"Steak and titties, what's not to like?" another male dining companion remarks on my second visit. For an appetizer, we get a shrimp cocktail made with honking enormous shrimp over a salad of extremely thin cucumber slices and housemade cocktail sauce. Then we split a medium-rare porterhouse for two, which costs more than the double strip steak yet contains a lot more gristle. For sides, we split a giant salt-crusted baked potato, which is carved tableside and smothered with lumpfish caviar and sour cream.
"These napkins are a bit much," he says, inspecting his. Instead of the crisp white linen you'd expect, the napkins are cream-colored and over-printed with a red pattern that also appears in the flocked red wallpaper. The design features silhouettes of two naked women facing each other in various poses.
"Now that you mention it, they look a little like the chrome silhouettes of naked women you see on the mudflaps of 18-wheelers," I say, studying my own napkin.
The original Strip House in Greenwich Village, which opened four years ago, was designed by David Rockwell, who was then and is still the hottest restaurant designer in New York. The double entendre of the restaurant's name and the location in an old theater building in the Village inspired Rockwell to create a burlesque theme. The downtown Houston location carries on the live-nude-girl-gone-classy look. The banquettes are red leather. The ceiling is red. The sofas, carpets and throw pillows in the bar are red. Pretty much everything is red.
Except for the dozens and dozens of photos on the restaurant's walls, which are black-and-white. They come from Studio Manasse, a Viennese photo studio of the 1920s and 1930s run by a Hungarian husband-and-wife team. The photographers attempted to capture the erotic spirit of the cinema and cabaret era in their dreamily retouched photographs of nude or partially clothed women. Some of the photos on the wall at the Strip House are spotlit, while others are displayed in backlit shadow boxes.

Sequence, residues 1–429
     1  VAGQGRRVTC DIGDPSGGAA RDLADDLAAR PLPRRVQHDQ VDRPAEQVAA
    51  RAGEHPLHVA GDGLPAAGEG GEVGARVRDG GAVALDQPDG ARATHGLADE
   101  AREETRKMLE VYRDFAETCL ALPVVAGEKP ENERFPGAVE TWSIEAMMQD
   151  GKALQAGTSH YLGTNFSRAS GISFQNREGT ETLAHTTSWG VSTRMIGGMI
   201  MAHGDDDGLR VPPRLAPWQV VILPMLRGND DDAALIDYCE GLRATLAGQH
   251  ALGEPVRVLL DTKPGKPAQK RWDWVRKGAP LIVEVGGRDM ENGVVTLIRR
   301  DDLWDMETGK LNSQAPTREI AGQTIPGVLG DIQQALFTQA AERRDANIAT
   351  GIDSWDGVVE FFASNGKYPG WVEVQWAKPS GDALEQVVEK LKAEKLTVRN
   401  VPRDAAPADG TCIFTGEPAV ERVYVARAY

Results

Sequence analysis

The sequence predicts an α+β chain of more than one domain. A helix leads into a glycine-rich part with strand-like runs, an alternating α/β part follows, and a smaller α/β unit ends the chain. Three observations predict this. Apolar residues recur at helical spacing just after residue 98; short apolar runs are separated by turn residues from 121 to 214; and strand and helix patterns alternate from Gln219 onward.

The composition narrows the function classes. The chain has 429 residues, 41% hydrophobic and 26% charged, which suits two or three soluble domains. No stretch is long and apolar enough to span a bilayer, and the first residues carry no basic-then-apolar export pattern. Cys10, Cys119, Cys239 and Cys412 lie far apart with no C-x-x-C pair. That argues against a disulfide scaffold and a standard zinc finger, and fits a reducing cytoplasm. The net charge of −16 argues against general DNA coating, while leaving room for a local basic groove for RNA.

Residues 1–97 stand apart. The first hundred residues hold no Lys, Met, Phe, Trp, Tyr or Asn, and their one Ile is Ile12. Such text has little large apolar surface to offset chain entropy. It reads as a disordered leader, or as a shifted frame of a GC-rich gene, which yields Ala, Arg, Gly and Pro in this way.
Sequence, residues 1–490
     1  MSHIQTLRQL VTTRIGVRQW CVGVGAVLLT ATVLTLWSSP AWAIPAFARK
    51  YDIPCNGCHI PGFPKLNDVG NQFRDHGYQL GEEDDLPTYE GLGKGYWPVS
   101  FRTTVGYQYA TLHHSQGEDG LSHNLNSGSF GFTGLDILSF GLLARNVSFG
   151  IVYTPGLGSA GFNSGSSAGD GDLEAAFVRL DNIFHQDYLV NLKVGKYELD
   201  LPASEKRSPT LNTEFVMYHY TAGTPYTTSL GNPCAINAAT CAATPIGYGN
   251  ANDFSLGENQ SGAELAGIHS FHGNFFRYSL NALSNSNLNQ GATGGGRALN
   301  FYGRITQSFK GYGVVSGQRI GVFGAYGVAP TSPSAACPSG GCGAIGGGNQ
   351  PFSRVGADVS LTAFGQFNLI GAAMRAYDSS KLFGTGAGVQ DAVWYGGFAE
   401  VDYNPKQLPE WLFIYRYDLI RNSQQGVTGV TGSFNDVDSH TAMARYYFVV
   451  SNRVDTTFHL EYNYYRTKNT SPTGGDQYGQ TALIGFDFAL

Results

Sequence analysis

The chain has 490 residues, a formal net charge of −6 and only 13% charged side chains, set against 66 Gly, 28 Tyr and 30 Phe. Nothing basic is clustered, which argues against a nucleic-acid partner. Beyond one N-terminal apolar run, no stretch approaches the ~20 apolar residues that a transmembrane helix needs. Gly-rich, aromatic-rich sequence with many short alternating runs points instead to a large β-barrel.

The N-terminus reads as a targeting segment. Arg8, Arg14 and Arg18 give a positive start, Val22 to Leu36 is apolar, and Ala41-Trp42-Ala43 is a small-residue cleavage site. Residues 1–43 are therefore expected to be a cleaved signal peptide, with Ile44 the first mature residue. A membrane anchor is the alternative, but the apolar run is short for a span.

Together the ruby-red colors and nude photos create an ambience my late father would have described as "French whorehouse." Dad wasn't very sophisticated about interior design. In truth, I think the decor at the Strip House might be more accurately described as "ironic, retro-1950s French whorehouse."
Irony is what makes eating lunch at the Strip House different from eating lunch at Rick's Cabaret, one of my female lunchmates tells me on my third visit. Having deduced that my male friends liked the Strip House just fine, I decided to bring two female acquaintances for lunch to see what they thought of the place.
"My friends are going to be hanging out here all the time," a lesbian lawyer quips as we sit down amid the nudie photos. But by the middle of lunch, she admits she was just joking. If they were eating here at night by themselves, they would probably be stared at and made to feel uncomfortable, she says. It's obviously a male-oriented place, just like a strip club.
It's all tongue-in-cheek, of course, so men don't have to feel guilty about dining here, the other woman says. It's a lads'-night-out sort of place, where liberal men can go and thumb their noses at political correctness and yet not feel sleazy, she concludes.
"Why liberals?" I wonder.
"Because Republican men never go anywhere immoral," she says, giggling at her own funny.
"That must be why Houston has so few topless bars," I say.
Our lunch entrées are all $14, and they're all exceptional. I have grilled salmon over thinly sliced pieces of celery root cooked and sauced to resemble noodles. The lawyer gets sea scallops, which are wonderfully firm and nutty. They are served in an innovative succotash of edamame and corn. Our other tablemate has an open-faced French dip sandwich, which consists of lots of thin slices of prime rib over what appears to be sourdough French toast with melted Gruyère over the top, served au jus. We split an apple crisp spiked with Calvados for dessert.
Houston is a city that loves a good steak house. There is no doubt that the Strip House has got some of the best steaks in the city. And the sides are nothing short of spectacular. As for the naughty decor, well, that's going to require some extra effort.
Since the Strip House gang is originally from Greenwich Village, the heart of blue-state decadence, they may need some tips on how to survive here in the capital of the red states.
First thing they need to do is explain to our local television crusader, Marvin Zindler, that the Strip House isn't really a French whorehouse and that those naked pictures are actually art. Otherwise he's likely to close the place on live TV like he did the Chicken Ranch. Oh, and go easy on the Baptists. They don't drink much, but when they do, they tend to fall down a lot.
But if they can keep Marvin and the Baptists at bay, the Strip House ought to do a pretty good business in Houston. As you have probably already noticed, steak houses and titty bars are a few of our favorite things.